It is a little known, undocumented opinion that our Thanksgiving Day celebration actually began as a potluck. Pocahontas took a liking to John Smith and said, "Hey, how about a sit down dinner this Thursday, say 5-ish? I bet you're pretty good with that musket and we've got crops to harvest."
Attendance was bountiful, as was the feast; full bellies generated grateful souls. Pocahontas announced that John Smith's smoked venison was the best ever, and the fire-roasted squirrel was over the top. Mr. Smith repaid the compliments, proclaiming that the corn fritters were absolutely a-maizing! They agreed that they simply must make this an annual event. Potlucking Day eventually evolved into the celebration as we know it - the fourth Thursday of November, Thanksgiving Day.
Thanksgiving has taken on a different flavor, so to speak. The newness having worn off, it's become more obligation, less celebration. We are not only obliged to attend, we are obliged to partake. Does this sound familiar? Pig out. Nap. Pig out. Revive self from a carb-induced coma, catch the end of "It's a Wonderful Life," and resume nibble-age on the turkey drumstick you are still clutching. If you live to be 80, you will have celebrated, well, 80 Thanksgivings, eaten 500 pounds of mashed potatoes and gravy, 116 turkey legs, 327 slices of pumpkin pie and 95.5 tubs of cool whip (numbers may vary according to individual appetites, of course).
Thankfulness, or gratitude, has taken on a different flavor as well; so much so, psychologists are conducting studies to find out how gratitude ties in with happiness and well-being. Dr. Robert Emmons, of the University of California, wanted to know if the practice of daily gratitude could actually transform lives, so he began "The Gratitude Experiment" (www.gratitude-experiment.com).
The results of his study indicate that participants who were grateful felt more joyful, enthusiastic, interested, attentive, energetic, excited, determined and strong, in addition to offering others more emotional support or help than those non-practitioners. He believes that those who practice intentional gratitude sleep better, are less often depressed and are also physically healthier. Could this be yoga for the psyche?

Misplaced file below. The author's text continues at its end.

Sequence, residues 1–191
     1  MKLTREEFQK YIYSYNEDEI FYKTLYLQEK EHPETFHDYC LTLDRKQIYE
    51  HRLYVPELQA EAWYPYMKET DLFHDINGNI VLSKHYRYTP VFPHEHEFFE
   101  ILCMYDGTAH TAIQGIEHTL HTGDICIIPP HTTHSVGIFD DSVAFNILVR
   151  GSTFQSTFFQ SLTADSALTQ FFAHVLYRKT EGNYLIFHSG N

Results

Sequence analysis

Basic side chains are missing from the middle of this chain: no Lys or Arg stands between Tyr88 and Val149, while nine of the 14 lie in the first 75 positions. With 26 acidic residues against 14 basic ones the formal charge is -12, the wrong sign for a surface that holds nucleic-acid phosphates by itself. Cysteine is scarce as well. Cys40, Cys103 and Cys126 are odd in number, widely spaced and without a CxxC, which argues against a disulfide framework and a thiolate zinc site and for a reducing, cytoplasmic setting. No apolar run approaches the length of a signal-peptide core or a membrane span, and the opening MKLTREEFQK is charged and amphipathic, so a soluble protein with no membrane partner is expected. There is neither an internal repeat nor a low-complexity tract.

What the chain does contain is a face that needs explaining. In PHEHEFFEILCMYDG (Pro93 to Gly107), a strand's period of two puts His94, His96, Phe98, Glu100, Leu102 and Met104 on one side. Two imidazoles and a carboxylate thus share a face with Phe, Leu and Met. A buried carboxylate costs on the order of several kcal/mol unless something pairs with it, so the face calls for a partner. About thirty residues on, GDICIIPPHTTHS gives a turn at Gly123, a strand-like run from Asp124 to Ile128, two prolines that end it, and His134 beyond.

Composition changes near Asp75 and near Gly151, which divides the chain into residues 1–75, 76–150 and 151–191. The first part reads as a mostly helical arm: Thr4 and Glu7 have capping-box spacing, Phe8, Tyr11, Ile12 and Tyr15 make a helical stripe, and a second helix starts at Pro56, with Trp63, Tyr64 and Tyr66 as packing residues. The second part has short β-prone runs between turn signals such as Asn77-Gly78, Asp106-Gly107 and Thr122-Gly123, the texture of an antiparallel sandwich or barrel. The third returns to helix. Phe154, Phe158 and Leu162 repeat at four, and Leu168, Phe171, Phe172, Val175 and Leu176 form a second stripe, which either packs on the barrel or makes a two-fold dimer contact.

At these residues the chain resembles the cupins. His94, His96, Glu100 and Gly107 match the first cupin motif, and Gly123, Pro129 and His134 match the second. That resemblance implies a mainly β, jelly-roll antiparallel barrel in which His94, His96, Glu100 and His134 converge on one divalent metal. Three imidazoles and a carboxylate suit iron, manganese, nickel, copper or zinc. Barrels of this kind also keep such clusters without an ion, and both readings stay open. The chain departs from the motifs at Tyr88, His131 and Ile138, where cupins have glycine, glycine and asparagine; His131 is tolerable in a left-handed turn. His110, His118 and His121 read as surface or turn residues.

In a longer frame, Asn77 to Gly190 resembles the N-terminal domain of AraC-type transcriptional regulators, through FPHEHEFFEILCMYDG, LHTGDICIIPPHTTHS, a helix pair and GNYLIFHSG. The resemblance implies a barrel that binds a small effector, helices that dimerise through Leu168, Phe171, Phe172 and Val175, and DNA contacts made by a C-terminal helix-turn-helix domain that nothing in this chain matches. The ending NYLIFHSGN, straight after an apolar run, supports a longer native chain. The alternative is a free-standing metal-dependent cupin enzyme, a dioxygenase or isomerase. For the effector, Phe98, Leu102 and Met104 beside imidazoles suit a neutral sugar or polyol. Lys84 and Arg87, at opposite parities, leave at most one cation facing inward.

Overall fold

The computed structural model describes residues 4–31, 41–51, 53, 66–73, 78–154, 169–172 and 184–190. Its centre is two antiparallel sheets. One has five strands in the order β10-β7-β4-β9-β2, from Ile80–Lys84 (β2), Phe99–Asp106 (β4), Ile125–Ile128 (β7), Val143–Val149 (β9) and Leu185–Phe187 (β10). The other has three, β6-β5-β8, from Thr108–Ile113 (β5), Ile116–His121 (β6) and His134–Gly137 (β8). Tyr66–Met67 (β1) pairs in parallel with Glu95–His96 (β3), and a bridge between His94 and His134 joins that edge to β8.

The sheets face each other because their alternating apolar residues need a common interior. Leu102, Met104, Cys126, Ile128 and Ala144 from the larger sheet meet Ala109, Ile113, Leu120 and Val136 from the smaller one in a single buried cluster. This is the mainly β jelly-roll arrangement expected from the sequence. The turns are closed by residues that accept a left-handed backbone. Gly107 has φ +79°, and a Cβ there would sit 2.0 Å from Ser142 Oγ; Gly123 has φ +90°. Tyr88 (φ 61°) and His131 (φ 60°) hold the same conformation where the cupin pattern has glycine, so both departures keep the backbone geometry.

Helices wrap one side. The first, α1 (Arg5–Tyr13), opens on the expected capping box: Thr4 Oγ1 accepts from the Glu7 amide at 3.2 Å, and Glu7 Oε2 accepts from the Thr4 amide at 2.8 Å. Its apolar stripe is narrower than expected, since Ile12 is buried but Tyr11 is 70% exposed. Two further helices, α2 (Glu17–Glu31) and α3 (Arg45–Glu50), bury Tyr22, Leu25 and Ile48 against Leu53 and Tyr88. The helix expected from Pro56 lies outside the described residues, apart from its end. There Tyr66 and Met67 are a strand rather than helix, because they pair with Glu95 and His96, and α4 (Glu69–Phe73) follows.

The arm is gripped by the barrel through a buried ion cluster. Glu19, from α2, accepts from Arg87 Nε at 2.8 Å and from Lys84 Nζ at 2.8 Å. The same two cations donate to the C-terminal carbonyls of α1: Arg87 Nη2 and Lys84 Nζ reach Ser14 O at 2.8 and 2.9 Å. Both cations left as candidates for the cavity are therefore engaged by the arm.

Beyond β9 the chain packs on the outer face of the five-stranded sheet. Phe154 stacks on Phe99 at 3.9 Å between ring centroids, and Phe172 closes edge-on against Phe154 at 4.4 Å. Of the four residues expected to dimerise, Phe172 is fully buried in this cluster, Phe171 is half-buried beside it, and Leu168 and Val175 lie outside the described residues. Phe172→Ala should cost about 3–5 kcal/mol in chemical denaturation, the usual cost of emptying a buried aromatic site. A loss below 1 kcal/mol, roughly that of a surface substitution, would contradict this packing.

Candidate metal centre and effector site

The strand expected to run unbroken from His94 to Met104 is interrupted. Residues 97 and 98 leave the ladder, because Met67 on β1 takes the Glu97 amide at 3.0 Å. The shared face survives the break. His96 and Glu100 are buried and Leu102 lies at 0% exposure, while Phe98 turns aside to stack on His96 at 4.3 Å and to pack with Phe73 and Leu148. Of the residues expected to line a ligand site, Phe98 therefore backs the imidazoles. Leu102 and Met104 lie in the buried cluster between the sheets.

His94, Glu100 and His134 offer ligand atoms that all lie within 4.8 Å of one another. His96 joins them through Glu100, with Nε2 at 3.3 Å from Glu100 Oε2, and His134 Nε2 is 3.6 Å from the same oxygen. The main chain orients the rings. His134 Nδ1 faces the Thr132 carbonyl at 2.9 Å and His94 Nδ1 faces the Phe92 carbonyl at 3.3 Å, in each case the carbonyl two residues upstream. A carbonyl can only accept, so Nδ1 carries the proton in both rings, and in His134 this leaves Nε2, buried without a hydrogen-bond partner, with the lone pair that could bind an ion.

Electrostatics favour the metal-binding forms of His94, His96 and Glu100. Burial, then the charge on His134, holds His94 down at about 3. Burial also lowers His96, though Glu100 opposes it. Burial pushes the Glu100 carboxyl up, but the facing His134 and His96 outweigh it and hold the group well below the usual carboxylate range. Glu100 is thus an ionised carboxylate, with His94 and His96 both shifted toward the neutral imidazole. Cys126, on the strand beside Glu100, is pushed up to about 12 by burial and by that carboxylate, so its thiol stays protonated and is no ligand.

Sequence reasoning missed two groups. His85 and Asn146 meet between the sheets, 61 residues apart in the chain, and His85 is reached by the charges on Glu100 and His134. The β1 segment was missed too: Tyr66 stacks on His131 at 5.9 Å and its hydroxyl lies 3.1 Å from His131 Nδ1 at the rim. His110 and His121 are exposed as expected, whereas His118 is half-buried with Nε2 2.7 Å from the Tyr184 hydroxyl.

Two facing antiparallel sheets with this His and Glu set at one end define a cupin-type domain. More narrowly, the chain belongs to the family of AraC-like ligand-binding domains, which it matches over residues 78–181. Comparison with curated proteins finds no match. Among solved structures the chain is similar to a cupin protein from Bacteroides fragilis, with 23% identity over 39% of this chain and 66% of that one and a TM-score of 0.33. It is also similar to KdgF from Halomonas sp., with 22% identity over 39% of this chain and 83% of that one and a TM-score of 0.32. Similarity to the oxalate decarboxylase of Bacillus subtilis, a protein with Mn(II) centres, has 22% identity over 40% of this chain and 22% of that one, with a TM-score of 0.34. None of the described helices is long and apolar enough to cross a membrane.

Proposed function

According to Wallace D. Wattles, author of, "The Science of Getting Rich," the grateful mind is constantly fixed on the best. This is because the secret to feeling gratitude is to consciously, and specifically, acknowledge the source of your gratitude. The concept is to be thankful for the most basic things, like feeling gratitude for the fact that you have unlimited hot water in your shower every day. Or that your dog is always happy to see you when you come home. And not just because you remember to feed him most of the time.
When asked why gratitude should make such a big difference in his life, "Zen Habits" writer stated that it's "because it reminds you of what's important. It's hard to complain about the little things when you give thanks that your children are alive and healthy. It's hard to get stressed out over paying bills when you are grateful there is a roof over your head."
Doris Day said, "Gratitude is riches. Complaint is poverty."
Loads of people have something to say about gratitude, probably to try to get us to focus more on being grateful and less on roasted turkey.
So how do you become more like that guy who is joyful, enthusiastic, excited, determined and strong? Cop an attitude of gratitude. Work thankfulness into your day. And, ask the question, what would Pocahontas do? I'll tell you what she would do. Pocahontas would say, "thank you!" Then she would rear back and rejoice in gratitude and shout, "corn fritters, you rock! Anyone want to share that last piece of squirrel?"
Debbie Barnes lives in Eagle with her husband, Ray, who provides inspiration for most of her writing; sometimes unknowingly. E-mail comments about this column to firstname.lastname@example.org.